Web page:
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The Latino Community Wants Accountability in 2010

The promise of change that energized voting and participation in 2008 is bringing hundreds of Latino community leaders to Washington today as NCLR launches new ads on immigration.

Today, nearly 350 Latino leaders from 30 states are gathering in Washington as part of the 2010 National Council of La Raza (NCLR) National Latino Advocacy Days. They will visit their congressional representatives to call for action on national priorities of critical importance to the Latino community. In addition to health care, at the top of that list are jobs and immigration reform, two issues that directly affect the stability of Latino communities and will undoubtedly influence turnout and enthusiasm in the 2010 elections.

Latino civic participation has grown in past years, and it is important that this growth does not plateau or fall off. Although still lagging behind in participation compared to other demographics--given the youthfulness of the population, among other factors--Latinos are the fastest-growing segment of the electorate. They added more than two million voters to their ranks between 2004 and 2008--a growth of 30%. Every month, 70,000 U.S.-born Latinos turn 18 and eligible immigrants, though facing a process increasingly priced out of their means, continue to save to become citizens. In 2008, Latinos played a vital role in choosing the presidential nominee in both parties, were a determining factor in who won House and Senate races in states from North Carolina to New Mexico, and ultimately were the decisive factor in the outcome of the presidential election in many battleground states.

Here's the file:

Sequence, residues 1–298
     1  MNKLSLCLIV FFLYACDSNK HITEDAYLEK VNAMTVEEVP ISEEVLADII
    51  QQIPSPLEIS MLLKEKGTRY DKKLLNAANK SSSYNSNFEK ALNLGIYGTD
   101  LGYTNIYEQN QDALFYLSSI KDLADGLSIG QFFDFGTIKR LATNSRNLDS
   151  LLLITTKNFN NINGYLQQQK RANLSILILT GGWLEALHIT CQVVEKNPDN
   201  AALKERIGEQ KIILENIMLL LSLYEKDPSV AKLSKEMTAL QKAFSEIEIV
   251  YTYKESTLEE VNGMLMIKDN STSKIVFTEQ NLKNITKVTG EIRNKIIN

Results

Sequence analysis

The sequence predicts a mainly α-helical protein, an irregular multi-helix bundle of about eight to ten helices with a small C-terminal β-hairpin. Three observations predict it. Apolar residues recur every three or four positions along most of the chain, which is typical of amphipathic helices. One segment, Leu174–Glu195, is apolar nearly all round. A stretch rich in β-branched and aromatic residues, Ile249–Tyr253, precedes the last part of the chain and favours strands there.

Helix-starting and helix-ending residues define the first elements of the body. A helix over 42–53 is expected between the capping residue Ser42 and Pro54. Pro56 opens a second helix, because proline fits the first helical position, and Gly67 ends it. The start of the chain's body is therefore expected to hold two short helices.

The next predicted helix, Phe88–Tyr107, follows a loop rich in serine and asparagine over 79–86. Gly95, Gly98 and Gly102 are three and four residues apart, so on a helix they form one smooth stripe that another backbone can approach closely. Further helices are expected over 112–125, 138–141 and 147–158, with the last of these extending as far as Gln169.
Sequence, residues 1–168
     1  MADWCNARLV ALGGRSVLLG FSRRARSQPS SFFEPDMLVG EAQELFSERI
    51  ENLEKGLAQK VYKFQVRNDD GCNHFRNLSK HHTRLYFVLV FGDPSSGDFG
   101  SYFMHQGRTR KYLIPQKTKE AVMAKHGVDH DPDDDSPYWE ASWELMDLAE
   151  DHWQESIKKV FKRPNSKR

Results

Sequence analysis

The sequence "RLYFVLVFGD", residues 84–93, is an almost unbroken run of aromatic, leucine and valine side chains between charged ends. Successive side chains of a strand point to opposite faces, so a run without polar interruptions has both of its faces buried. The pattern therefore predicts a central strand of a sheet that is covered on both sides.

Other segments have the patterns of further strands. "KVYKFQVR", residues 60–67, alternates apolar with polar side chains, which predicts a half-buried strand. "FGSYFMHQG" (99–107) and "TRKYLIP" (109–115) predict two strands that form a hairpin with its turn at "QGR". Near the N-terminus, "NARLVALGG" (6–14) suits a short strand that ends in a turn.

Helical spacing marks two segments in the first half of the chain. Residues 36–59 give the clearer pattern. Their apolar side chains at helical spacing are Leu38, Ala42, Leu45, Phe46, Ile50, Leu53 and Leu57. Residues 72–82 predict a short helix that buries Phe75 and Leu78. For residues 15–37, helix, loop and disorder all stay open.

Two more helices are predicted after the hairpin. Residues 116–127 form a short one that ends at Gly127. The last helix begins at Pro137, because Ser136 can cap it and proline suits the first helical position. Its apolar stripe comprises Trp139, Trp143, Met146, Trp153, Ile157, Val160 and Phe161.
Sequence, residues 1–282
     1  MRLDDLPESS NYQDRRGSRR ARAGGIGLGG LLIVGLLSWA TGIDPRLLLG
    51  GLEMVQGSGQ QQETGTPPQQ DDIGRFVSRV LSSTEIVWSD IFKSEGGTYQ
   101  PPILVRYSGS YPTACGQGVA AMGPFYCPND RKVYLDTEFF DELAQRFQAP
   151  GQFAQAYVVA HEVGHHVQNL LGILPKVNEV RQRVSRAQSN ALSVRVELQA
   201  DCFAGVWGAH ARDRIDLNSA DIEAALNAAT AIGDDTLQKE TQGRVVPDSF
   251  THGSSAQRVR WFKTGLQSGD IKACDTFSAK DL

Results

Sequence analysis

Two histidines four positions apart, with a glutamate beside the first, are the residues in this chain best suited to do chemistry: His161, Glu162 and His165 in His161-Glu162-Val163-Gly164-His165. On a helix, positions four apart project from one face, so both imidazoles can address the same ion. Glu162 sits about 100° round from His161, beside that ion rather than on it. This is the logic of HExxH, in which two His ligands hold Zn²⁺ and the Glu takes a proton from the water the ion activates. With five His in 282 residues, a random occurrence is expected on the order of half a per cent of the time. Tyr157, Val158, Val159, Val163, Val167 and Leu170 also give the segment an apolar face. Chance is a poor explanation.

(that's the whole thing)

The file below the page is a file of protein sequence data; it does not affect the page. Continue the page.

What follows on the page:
Both parties need to engage in and deliver on the issues that matter to this electorate. In 2004, President Bush garnered about 40% of the Latino vote (a key factor in his victory), and in 2008 President Obama won with about 66% of that vote.

In 2006, Latinos powered nationwide peaceful demonstrations where millions participated to prevent passage of one of the harshest anti-immigrant proposals in the past 70 years. In 2007, energized by that momentum, eligible Latino immigrants became citizens in record numbers. And those new citizens, together with Latinos turning 18 or newly registering, helped drive the massive increase in the size of the Latino electorate.

The promise of change that energized voting and participation in 2008 is bringing these hundreds of Latino community leaders to Washington today. They intend to push Congress to act on the needs of the nation: and remind the White House about its promises to Hispanic voters on the immigration reform issue:

They also want to remind the White House about its promises to Hispanic voters on the immigration reform issue:

Jobs and the economy have always been at the top of the Latino agenda--and that priority has only intensified in the context of the economic recession. Next to Blacks, Latinos are the community hardest hit by unemployment, which long ago passed the double-digit mark that set off alarms nationwide. But, as with other communities, Latinos have not seen the kind of congressional action that will truly help their community recuperate. While in Washington, the community leaders participating in NCLR National Latino Advocacy Days will be advocating for specific actions that provide immediate relief to people out of work and lay the foundation for a broad-based economic recovery that benefits all American workers.

These community leaders will also focus on pushing for solutions on another threshold, galvanizing issue for Latino voters: immigration reform. Although the majority of Latinos are U.S.-born, 69% of Latino voters report that they have a friend, neighbor, family member, or coworker who is an undocumented immigrant, and 82% consider the issue important to them and their family (with 59% considering it "very important"). From a strictly policy perspective, reform stands to benefit the country as a whole when you look at tax revenues, labor market equity, and protecting workers' rights. Yet the impact is even more intense for Latinos, whose communities have been ravaged by the chaos in the current system.